Ms Diedricks said that the DWS is busy with a water plan. The Department has started with the 27 priority districts and this is very complex work however the Department is working towards it. On the question of if the rain comes, is the Department ready to have its sources clean, the Department is already working on a refurbishment plan with municipalities on their water treatment works.
Mr Balzer agreed that car washes do use significant amounts of water and they seem to be affected when municipalities put restrictions in place. Mangaung Municipality for instance was looking at ways when it applies water restrictions, it does not put people out of business because it is a livelihood. He is also aware that the Water Research Commission and the CSIR are also looking at ways for lower water usage.
Dr Tau said DAFF has an arrangement where it brings in various units within the Department and outside to coordinate drought response and relief efforts. There is a structure that is called the National Drought Task Team and the Sector Joint Operation Committee that meet every Tuesday and Friday. These structures are guided by a framework developed by the Drought Relief Scheme Framework. It outlines what needs to be done, how it needs to be done, the coordination thereof and the reporting. The Drought Response Framework (DRF) does prescribe how it is to be monitored, and this work is done in collaboration with provinces to ensure that work is being monitored. On crop estimates, there is the supply and demand committee to advice on crop bills. On farm workers the DRDLR states that in assisting farmers, it is also a priority to ensure that the jobs of farm workers are secured. However there is legislation that applies to farm workers under the Department of Labour. The Department has developed a plan for Climate Change Development for the Agriculture sector.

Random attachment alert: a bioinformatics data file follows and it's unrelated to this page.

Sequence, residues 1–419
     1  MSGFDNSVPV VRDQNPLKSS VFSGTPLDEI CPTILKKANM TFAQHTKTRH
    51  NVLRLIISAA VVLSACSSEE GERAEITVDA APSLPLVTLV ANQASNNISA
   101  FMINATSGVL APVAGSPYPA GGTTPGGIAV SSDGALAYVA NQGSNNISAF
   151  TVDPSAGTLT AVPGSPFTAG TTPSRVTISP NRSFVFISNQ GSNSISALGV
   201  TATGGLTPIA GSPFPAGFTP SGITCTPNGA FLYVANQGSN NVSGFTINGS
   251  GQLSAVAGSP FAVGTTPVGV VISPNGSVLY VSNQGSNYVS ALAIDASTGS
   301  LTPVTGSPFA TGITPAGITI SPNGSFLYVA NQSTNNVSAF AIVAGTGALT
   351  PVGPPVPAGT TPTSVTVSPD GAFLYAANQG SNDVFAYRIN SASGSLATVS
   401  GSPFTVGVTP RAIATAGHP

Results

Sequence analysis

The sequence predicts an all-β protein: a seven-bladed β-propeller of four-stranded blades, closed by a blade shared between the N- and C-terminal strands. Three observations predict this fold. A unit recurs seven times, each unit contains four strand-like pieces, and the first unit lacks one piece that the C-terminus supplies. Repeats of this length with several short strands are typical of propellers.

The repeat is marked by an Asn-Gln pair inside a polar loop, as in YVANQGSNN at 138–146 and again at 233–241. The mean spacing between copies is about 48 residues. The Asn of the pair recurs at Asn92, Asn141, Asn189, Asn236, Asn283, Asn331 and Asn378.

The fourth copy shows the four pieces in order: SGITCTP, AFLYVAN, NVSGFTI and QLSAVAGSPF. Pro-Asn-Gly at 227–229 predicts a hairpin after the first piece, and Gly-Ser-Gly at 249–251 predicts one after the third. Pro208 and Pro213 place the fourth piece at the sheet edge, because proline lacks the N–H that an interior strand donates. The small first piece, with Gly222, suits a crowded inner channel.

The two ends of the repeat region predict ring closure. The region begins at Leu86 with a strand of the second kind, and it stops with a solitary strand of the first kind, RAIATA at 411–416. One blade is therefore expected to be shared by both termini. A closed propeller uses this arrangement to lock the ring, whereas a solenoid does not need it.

Ms Beaumont replied about a long term adaptation strategy, saying, yes, there is one and this strategy will pull together all the sector adaptation plans which are already underway and deal with the refinement of these plans. It will also pull together the work that is being done by provinces in assessing their vulnerability, their need for adaptation as well as where these are being done, particularly at metros. She said a process is underway in collaboration with the key sectors, departments and other stakeholders as it not only applies to government but to other stakeholders as well. A draft for this strategy should be ready by the end of the current year. The time frame for the strategy plan is for 2020, 2030, 2050 and beyond 2050 it is difficult to plan. Therefore the Department has a medium to long term plan.